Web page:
News & Features | Nov 4th, 2011
An Emancipation from Facebook with Unthink: The Social Media Privacy Report
With a proclamation of sorts, Unthink, the newest start-up social networking site that plans to dethrone the evil chains of Facebook, launched last week. It claims to give users the right to own their data and asserts that freedom and emancipation are the keys to their site. Will Unthink give users the right to privacy and security?
Declaring a big “FU” - literally - to Facebook and Google +, Unthink launched onto the scene with a bang when it rolled out its beta version on October 25. PCMag was unable to access the site the following day because of server overload. Since that time, Unthink has tripled its server space and it already has 100,000 active users, according to TechCrunch.
So what is all the hype about? Well a few thousand miles from Palo Alto, CA in Tampa Bay, FL, Unthink has dubbed itself the “anti Facebook,” priding itself as being the antithesis of everything Zuckerberg’s social ecosystem stands for. A startup funded with $2.5 million from DouglasBay Capital, Unthink wants users to literally unlearn all they know about social networking. According to TechCrunch, CEO Natasha Dedis started the network because she was disgusted after fine-combing through Facebook’s Terms of Service when her son wanted to join the site. She learned that Facebook basically mandates itself to do whatever it wants with user content and data and also reserves the right to change its mind about the TOS at, well, anytime.
At an “unconference” before the launch, Dedis is quoted, “The number one thing that had to be ‘un-thought’ about social media, is who does it belong to? We need to own everything that we put on our page. We can be as private or as public as we want, as long as it’s our choice.”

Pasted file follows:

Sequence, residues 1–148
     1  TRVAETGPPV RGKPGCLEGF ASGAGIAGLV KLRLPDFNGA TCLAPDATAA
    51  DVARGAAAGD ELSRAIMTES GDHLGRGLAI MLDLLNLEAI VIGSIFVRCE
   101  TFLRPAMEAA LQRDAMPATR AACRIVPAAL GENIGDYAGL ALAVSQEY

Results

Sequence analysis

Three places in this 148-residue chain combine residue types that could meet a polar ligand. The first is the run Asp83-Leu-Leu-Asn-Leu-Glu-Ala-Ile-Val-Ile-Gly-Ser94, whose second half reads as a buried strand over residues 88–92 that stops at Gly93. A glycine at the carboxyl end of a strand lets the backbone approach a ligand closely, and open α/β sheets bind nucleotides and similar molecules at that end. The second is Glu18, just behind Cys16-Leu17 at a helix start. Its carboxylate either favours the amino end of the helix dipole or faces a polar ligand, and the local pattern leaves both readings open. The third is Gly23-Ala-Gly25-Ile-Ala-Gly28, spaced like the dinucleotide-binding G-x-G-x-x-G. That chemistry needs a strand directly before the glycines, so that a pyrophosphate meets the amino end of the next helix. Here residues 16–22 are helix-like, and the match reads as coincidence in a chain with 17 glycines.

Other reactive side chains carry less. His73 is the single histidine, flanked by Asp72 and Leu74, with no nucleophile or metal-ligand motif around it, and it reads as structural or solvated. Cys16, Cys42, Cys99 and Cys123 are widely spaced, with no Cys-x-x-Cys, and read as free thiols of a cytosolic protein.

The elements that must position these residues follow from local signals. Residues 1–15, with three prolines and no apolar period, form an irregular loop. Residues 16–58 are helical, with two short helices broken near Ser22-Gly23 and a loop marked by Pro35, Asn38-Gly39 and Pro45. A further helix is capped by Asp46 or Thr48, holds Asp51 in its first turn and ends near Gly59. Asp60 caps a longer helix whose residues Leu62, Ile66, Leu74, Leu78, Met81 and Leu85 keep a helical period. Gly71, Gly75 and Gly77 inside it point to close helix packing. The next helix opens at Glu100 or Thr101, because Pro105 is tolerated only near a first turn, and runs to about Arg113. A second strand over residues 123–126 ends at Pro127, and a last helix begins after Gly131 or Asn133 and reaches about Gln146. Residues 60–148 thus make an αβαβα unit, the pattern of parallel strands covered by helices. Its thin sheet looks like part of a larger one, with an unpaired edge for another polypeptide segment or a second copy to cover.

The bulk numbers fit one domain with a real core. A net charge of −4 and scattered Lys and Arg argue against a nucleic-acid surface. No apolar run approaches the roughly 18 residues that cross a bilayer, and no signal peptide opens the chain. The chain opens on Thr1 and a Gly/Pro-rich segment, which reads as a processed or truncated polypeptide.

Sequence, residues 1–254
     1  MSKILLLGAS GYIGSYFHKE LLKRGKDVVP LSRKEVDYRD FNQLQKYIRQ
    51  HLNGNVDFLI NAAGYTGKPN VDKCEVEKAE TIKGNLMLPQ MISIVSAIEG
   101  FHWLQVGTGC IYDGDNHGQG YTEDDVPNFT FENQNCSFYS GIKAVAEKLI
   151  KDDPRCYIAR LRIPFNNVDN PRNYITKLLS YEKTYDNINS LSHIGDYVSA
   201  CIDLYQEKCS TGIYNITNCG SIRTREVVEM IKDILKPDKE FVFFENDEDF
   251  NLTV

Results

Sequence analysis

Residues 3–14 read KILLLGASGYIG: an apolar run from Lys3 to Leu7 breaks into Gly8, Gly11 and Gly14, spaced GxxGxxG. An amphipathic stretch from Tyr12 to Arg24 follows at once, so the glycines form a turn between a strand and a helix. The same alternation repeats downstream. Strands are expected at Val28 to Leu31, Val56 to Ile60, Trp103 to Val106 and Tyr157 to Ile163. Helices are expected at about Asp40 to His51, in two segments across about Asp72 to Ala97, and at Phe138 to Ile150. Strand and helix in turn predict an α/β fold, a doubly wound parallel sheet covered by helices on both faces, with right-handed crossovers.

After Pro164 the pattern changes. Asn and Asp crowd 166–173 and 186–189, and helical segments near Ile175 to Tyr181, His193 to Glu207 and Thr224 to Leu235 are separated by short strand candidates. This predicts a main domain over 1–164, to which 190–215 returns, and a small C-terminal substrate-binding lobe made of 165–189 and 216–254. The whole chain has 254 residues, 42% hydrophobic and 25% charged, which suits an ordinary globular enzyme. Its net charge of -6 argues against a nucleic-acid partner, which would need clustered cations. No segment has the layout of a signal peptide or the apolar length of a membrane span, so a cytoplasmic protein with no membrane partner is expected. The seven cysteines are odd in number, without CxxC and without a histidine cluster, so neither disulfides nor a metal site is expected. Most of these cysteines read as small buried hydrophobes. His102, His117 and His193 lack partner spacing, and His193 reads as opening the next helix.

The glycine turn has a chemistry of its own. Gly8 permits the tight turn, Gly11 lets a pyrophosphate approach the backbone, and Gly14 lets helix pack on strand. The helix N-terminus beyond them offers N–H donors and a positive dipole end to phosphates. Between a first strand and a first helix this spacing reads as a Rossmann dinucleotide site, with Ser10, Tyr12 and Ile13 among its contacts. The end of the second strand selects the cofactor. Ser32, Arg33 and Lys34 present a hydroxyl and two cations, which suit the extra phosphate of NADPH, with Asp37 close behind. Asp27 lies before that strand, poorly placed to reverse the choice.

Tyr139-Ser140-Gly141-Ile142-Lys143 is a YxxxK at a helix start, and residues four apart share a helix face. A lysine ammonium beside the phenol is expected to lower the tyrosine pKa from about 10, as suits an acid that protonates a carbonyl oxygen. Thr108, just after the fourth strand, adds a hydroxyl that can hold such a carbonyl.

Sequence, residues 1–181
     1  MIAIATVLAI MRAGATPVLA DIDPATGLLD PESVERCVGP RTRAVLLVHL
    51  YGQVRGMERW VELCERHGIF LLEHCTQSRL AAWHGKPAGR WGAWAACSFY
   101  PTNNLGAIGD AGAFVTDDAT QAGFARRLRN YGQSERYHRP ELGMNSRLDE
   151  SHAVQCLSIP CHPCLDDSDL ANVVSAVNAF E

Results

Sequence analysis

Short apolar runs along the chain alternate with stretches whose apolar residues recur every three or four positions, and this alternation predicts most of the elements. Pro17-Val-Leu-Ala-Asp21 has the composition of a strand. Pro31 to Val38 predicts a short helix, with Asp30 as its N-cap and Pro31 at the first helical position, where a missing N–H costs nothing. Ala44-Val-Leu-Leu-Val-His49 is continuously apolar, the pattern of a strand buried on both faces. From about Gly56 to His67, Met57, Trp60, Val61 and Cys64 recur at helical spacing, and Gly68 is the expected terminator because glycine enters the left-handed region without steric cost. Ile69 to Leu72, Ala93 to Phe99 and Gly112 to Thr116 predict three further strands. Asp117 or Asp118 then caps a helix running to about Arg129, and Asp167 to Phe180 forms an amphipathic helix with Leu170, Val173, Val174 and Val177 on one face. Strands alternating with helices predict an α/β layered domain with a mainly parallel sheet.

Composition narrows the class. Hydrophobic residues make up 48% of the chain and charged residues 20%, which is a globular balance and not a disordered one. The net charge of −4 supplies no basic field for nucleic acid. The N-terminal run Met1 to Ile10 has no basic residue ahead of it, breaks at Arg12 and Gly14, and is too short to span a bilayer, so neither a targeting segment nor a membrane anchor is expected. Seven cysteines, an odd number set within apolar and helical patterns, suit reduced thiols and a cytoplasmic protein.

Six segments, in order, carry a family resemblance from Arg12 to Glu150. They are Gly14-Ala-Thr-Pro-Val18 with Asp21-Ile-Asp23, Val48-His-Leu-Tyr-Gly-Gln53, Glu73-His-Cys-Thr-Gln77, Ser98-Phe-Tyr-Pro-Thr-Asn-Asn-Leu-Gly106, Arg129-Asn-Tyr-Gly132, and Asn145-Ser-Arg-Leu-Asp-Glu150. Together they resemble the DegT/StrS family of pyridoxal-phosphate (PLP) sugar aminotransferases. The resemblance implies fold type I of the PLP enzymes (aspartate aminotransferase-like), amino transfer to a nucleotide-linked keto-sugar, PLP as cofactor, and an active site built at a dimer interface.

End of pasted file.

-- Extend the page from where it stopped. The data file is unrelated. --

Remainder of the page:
Unthink users own all of their data and they can also opt out of advertising altogether if they pay a small annual fee of $2. The network also offers easy to use and manageable privacy controls that determine how a user interacts with advertisers and other users. When engaging with a brand, users earn points towards discounts and other deals from the company.
The profile or “suite” is divided into four different sections: a public microblog called iUnthink (think Twitter), a social section (think Facebook), a section that's used for interacting with the advertisers (think Facebook Pages and other blogs), and a professional section (think LinkedIn). And of course, all these section on your suite are similar to your Google + circles. Check out a tour of the suite.
Sarah Perez of TechCrunch has said that Unthink is Disapora done right. But it is too soon to tell as Unthink is only in its second week of infancy. But if you are tired of the privacy shenanigans on other social networks, unthink your ways and check out Unthink. Let us know how you feel about the site if you use it!